The Center for Perceptual Systems (CPS) is an interdisciplinary program at the University of Texas that provides a focal point for research and training in sensory systems. Recent growth in the Neurosciences at UT, as well as in CPS, particularly in the area of vision research, has lead to the development of a distinctive group in the Center that has a broad interdisciplinary research program in vision, representing psychophysical, neurophysiological, imaging, and computational approaches. In concert with our recent growth and increasing visibility, we have developed a new training program in vision science to take advantage of our growing strengths in the investigation of vision in natural environments, and in neural computation. Because of both our broad expertise and our special strengths in these areas we are well positioned to train new scientists who will be at the forefront of vision research in the future. There are three important components to our training focus. First, we take advantage of the highly interdisciplinary and collaborative structure of CPS to provide broad cross-disciplinary training, which we consider essential for students of vision and visual performance. Second, we believe that training in computational methods is an essential component of research in vision and we take advantage of our particular strengths in this area. Third, we take advantage of our strengths in the area of natural systems analysis to provide a unique training opportunity in an area that we see as becoming increasingly important for a broad understanding of vision. These components lie at the core of our program, which includes basic courses, specialized seminars, training in advanced methodologies, attendance at the CPS colloquium series and the CPS symposium on Natural Environments, Tasks, and Intelligence, ethics training, and the development of professional skills.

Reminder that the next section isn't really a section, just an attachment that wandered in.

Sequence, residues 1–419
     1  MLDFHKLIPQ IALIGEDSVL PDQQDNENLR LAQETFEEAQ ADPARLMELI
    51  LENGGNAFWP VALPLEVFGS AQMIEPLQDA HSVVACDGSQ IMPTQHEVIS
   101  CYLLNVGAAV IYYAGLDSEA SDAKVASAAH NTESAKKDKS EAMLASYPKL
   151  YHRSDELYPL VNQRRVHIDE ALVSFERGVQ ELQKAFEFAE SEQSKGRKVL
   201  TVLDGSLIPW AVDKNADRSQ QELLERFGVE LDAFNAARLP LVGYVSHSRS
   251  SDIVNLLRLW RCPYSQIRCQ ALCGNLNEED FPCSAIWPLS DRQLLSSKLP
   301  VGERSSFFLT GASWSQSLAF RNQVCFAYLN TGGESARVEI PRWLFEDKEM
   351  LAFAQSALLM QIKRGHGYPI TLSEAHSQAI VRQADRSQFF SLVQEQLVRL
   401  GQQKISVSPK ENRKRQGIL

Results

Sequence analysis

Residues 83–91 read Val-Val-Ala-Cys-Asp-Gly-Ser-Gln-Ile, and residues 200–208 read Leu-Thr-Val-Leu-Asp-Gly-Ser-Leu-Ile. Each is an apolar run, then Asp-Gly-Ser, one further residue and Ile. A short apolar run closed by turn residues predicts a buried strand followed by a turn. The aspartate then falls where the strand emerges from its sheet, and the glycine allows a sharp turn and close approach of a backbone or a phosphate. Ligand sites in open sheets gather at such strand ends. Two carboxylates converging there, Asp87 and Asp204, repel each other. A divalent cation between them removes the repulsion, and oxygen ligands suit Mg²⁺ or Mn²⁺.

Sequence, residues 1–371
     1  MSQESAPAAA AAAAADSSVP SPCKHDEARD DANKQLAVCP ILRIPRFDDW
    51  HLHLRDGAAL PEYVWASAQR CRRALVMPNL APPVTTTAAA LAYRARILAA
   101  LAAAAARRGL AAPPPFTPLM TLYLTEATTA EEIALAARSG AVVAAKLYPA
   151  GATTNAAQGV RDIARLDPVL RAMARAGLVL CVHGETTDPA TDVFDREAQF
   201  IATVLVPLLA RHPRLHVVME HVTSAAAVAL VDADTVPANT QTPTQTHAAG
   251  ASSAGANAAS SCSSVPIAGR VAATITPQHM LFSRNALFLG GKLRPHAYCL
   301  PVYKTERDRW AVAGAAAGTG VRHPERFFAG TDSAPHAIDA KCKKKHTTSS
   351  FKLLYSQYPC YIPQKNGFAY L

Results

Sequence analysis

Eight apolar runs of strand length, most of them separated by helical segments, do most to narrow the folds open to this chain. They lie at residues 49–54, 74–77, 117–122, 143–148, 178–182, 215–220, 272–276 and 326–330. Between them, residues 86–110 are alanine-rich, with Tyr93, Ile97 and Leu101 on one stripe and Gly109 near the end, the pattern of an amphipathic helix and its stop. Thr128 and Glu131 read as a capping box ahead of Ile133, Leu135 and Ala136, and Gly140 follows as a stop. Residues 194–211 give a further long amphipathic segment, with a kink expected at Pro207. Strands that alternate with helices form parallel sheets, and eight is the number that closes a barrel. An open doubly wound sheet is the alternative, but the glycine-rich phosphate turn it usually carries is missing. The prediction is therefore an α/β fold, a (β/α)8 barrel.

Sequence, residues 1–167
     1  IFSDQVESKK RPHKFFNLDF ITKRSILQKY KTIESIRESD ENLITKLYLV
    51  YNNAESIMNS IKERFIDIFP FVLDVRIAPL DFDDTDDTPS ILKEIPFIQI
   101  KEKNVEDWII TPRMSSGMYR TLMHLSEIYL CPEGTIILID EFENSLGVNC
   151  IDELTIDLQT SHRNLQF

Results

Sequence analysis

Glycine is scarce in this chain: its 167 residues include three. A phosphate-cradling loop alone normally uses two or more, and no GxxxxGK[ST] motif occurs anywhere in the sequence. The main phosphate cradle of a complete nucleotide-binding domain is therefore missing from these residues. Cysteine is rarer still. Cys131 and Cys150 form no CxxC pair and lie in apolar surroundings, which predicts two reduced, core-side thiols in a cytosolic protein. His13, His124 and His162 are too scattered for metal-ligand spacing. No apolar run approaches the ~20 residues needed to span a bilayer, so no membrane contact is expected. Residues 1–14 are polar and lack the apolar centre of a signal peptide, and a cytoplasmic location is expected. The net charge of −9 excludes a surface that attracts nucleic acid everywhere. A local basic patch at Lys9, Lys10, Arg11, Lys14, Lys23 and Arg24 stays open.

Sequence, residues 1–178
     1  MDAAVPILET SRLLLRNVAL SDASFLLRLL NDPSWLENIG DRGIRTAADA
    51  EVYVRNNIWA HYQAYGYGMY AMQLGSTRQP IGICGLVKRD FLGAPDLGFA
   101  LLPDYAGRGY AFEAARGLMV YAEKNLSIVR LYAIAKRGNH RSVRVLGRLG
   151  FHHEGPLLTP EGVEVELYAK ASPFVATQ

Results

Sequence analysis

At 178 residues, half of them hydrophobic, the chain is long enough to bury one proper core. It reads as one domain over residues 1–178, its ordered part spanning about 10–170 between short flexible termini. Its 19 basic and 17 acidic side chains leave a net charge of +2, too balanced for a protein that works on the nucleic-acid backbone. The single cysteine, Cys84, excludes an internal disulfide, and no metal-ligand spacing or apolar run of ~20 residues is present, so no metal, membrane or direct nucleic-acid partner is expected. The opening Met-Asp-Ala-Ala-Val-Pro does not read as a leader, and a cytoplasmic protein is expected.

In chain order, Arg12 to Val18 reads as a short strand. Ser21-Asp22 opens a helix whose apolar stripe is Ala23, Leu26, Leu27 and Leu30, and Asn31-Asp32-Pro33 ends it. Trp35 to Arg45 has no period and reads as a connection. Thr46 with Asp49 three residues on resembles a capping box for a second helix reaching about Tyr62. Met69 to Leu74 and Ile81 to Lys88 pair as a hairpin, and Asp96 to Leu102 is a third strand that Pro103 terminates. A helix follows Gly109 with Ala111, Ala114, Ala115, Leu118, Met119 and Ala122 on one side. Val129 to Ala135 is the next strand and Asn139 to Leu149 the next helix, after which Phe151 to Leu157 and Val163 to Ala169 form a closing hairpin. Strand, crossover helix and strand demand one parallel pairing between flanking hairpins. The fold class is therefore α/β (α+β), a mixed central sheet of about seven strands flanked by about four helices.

The goal of this proposal is to train pre- and post-doctoral scholars in vision, visual neuroscience and visually guided behavior. The program emphasizes the study of natural environments, natural tasks, and neural computation, and takes advantage of our special strengths in these areas. We believe that the study of vision in its natural context is highly valuable because it generalizes more readily to clinical issues than restricted laboratory experiments, and provides a body of comparable data in normal populations. Students training in our program will have a suitable background for future work in clinical populations as they will learn a variety of relevant techniques such as eye tracking in unrestricted behavior and use of virtual environments, as well as developing a sound in background computational methods and in the neural basis of visually guided behavior.
|Katz, Leor N; Yates, Jacob L; Pillow, Jonathan W et al. (2016) Dissociated functional significance of decision-related activity in the primate dorsal stream. Nature 535:285-8|
|Burge, Johannes; McCann, Brian C; Geisler, Wilson S (2016) Estimating 3D tilt from local image cues in natural scenes. J Vis 16:2|
|Burge, Johannes; Geisler, Wilson S (2015) Optimal speed estimation in natural image movies predicts human performance. Nat Commun 6:7900|
|Sebastian, Stephen; Burge, Johannes; Geisler, Wilson S (2015) Defocus blur discrimination in natural images with natural optics. J Vis 15:16|
|Matthis, Jonathan Samir; Barton, Sean L; Fajen, Brett R (2015) The biomechanics of walking shape the use of visual information during locomotion over complex terrain. J Vis 15:|
|Bonnen, Kathryn; Burge, Johannes; Yates, Jacob et al. (2015) Continuous psychophysics: Target-tracking to measure visual sensitivity. J Vis 15:|
|Latimer, Kenneth W; Yates, Jacob L; Meister, Miriam L R et al. (2015) NEURONAL MODELING. Single-trial spike trains in parietal cortex reveal discrete steps during decision-making. Science 349:184-7|
|Burge, Johannes; Geisler, Wilson S (2014) Optimal disparity estimation in natural stereo images. J Vis 14:|
|Tan, Andrew Y Y; Chen, Yuzhi; Scholl, Benjamin et al. (2014) Sensory stimulation shifts visual cortex from synchronous to asynchronous states. Nature 509:226-9|
|Scholl, Benjamin; Tan, Andrew Y Y; Corey, Joseph et al. (2013) Emergence of orientation selectivity in the Mammalian visual pathway. J Neurosci 33:10616-24|
Showing the most recent 10 out of 13 publications